Figure 12.15 These huge statues of Buddha were carved along the Silk Roads by the Northern Wei dynasty in China around the fourth century. They clearly demonstrate the importance of trade routes in the spread of culture and ideas. (credit: “Yungang Grottoes 2008” by Mirinda K./Wikimedia Commons, Public Domain)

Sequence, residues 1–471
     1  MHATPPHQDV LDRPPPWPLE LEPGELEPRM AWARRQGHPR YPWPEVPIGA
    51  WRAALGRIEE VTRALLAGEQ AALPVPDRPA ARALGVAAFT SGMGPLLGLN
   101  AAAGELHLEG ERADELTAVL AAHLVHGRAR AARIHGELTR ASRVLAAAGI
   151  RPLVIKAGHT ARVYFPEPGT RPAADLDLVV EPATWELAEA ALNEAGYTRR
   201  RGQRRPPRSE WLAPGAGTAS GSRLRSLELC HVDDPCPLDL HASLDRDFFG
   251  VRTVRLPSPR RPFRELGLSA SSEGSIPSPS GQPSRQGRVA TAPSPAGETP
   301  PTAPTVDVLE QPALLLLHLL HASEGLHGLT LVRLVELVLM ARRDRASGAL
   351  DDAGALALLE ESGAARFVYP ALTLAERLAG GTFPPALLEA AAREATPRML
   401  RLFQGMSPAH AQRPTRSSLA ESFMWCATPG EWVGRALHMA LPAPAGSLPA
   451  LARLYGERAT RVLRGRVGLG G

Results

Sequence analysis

Many legs of the Silk Roads were perilous in the extreme. For example, upon departing Chang’an, the Tang capital and eastern terminus of the network, travelers almost immediately confronted the Gobi, the largest desert in Asia. Its terrain is compacted and rocky and thus ideal for long-distance travel by camel, but the lack of water necessitated the establishment of caravansaries, usually about a day apart along the road connecting China to the central Asian interior. To geographic and environmental hazards, travelers could add warring tribes and roving bandits and thieves. A menace since the beginning of the Silk Roads, robbers targeted the convoys of precious cargoes as they headed across open and unprotected terrain. While small armies and groups of archers accompanied some larger and better-funded caravans, and caravans sometimes merged into “super-caravans” for safety, these were the exceptions, not the rule. Most travelers undertook a caravan journey at great risk to themselves and the goods they carried.